How to Select the Right Kind of Webinar Service Provider - dummies

How to Select the Right Kind of Webinar Service Provider

By Sharat Sharan, John Carucci

Like choosing between fast-food restaurants and fine dining, part of the decision about your webinar provider has to do with how much you can afford or want to spend. Some are affordable enough for a small organization to take advantage of their technology, whereas others provide high-level service at a steep cost.

Then there are the freebies; they’re not full-fledged webinars, but they can come in handy if your needs are somewhat limited.

Basics of free webinar service providers

The best things in life are free; unfortunately an expansive webinar doesn’t usually fall under that category — at least, not on a permanent basis.

Signing up for a trial run from an established webinar provider, acts as cost-free alternative — at least temporarily. This comes in handy, especially when it comes to learning exactly how well the chosen service runs. Trial periods are generally limited to the number of viewers or features, but you can at least get your feet wet.


The trial doesn’t provide a long-term solution — until you start paying, anyway. At least with the webinar trial, you’ll have access to the proper tools for conducting it, regardless if it’s limited.

Basics of on-a-budget webinar service providers

Discount webinar providers and online meeting services make it possible to hold your presentation online for a fraction of the cost of some full-webinar services, as well as some of the pricier self-service options. Again, however, remember that sometimes you get what you pay for.

If you find a webinar service that fits your needs and budget, by all means go for it. Otherwise, an online meeting service may work for your needs.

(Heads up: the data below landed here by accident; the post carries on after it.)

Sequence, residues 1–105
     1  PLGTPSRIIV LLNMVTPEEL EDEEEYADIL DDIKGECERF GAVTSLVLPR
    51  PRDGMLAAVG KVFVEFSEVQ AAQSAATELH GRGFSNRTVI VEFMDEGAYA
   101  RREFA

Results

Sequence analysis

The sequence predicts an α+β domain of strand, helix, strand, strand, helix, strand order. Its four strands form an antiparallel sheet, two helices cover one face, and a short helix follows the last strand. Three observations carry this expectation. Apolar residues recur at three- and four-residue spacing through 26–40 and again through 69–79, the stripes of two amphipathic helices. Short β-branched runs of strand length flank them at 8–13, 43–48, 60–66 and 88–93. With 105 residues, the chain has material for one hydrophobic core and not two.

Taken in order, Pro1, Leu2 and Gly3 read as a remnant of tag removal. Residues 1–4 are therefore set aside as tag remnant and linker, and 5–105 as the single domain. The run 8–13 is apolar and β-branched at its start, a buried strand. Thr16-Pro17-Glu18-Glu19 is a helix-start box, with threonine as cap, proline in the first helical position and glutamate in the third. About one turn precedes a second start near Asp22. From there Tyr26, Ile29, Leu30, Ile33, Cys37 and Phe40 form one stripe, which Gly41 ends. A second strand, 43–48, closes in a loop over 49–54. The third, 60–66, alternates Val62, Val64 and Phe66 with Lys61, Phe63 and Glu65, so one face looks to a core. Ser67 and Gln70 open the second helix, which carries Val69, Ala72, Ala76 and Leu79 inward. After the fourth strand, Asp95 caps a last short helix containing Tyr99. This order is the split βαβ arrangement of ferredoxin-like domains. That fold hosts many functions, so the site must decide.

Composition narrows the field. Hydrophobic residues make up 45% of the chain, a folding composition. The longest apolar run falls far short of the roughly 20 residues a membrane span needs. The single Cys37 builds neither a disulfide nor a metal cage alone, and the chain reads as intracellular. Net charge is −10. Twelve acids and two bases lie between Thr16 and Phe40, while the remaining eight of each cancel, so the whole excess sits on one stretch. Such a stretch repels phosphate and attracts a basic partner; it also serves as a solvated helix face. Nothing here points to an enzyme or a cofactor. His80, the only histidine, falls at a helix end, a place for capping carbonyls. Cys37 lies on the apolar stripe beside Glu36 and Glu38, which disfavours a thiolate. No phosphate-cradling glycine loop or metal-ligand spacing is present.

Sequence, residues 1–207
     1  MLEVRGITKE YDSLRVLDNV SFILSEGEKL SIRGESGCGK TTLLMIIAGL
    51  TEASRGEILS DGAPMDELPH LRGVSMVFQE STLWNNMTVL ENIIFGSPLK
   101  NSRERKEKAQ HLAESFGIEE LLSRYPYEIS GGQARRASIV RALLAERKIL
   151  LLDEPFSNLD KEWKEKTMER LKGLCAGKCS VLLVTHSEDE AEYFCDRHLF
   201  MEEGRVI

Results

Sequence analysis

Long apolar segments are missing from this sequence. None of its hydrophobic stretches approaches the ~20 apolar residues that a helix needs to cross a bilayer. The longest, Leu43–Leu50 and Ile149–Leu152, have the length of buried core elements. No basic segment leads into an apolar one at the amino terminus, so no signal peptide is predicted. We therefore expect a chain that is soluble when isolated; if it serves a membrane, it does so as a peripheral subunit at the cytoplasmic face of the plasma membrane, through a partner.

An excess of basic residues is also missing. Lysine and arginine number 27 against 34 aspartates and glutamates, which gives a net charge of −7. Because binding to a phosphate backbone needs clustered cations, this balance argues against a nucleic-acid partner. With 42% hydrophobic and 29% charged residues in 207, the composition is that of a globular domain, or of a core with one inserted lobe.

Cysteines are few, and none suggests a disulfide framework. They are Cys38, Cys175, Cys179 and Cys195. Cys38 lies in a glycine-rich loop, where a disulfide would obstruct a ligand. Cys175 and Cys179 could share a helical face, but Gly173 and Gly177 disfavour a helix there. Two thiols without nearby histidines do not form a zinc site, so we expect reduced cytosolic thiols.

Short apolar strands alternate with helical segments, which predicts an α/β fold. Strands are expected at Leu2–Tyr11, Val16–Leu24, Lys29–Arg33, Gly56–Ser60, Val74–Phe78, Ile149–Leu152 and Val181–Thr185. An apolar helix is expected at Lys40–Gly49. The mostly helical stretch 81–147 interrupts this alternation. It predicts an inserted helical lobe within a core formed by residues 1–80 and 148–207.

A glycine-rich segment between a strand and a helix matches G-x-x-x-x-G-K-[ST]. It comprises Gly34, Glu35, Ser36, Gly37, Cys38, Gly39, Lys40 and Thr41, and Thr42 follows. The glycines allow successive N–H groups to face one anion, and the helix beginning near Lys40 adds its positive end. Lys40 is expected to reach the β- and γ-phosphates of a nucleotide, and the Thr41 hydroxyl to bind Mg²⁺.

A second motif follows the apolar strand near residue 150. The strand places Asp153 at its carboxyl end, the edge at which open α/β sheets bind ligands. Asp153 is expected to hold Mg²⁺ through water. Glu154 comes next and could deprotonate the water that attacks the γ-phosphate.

Online meeting technology is not true event technology, so it has a lot of shortcomings. It doesn’t collect the kind of data that a fuller service does by recording and assessing lead qualifications. It doesn’t allow much, if any, customization, so you’re limited in projecting your brand.

For example, you’re stuck with their landing page and webinar console look. Video capability is more limited too, so you cannot perform a sophisticated live presentation. It doesn’t offer those kinds of features.

Although these services work well for smaller-sized presentations, the collaboration technology when you get above a couple of hundred users starts to come apart for a variety of reasons.

If you put a thousand people on the phone all at once and you’re paying a dime a minute per user, the costs are going to get out of hand. You don’t have to worry about that with true event technology because you’re streaming everything.

Basics of no-limits webinar service providers

When you’re a larger organization that produces numerous webinars throughout the year, it’s often a good idea to leave the job to the professionals with few hassles. With concierge-style service, all you have to supply is the presenter. The provider does the rest.

Often the service includes a project manager that does everything from host the kick-off call to moderate the event. Essentially this level of service manages and executes every detail of the webinar for you.

Service levels rise to include sophisticated television production with post-production in the studio so that they client gets a polished video that they can use as a part of their webcasts. The approach shares a bit more in common with a television network, where you prerecord and edit top quality content and then broadcast that. That kind of service can cost up to tens of thousands of dollars.

Basics of mid-cost webinar service providers

Many webinar producers depend on service at a middle level with a lot of features and support, but few of the extra frills. It’s ideal for a medium-sized webinar in the range of a several hundred participants. When you need to step it up with additional services, say increased video capability, these services are generally available for a fee.

One step up from that are advanced service packages. For example, say a company has an event where their CEO is the presenter, but they need a little extra help to make sure all goes right. It’s not their routine type of event.

For this one, they need extra people to help, maybe to stand by and monitor the event and deal with any technical difficulties on the spot. Sometimes clients subscribe to 20 or 30 events for the year and might upgrade a couple of times to those monitoring packages for special events or maybe for their first couple of events to jump-start their service.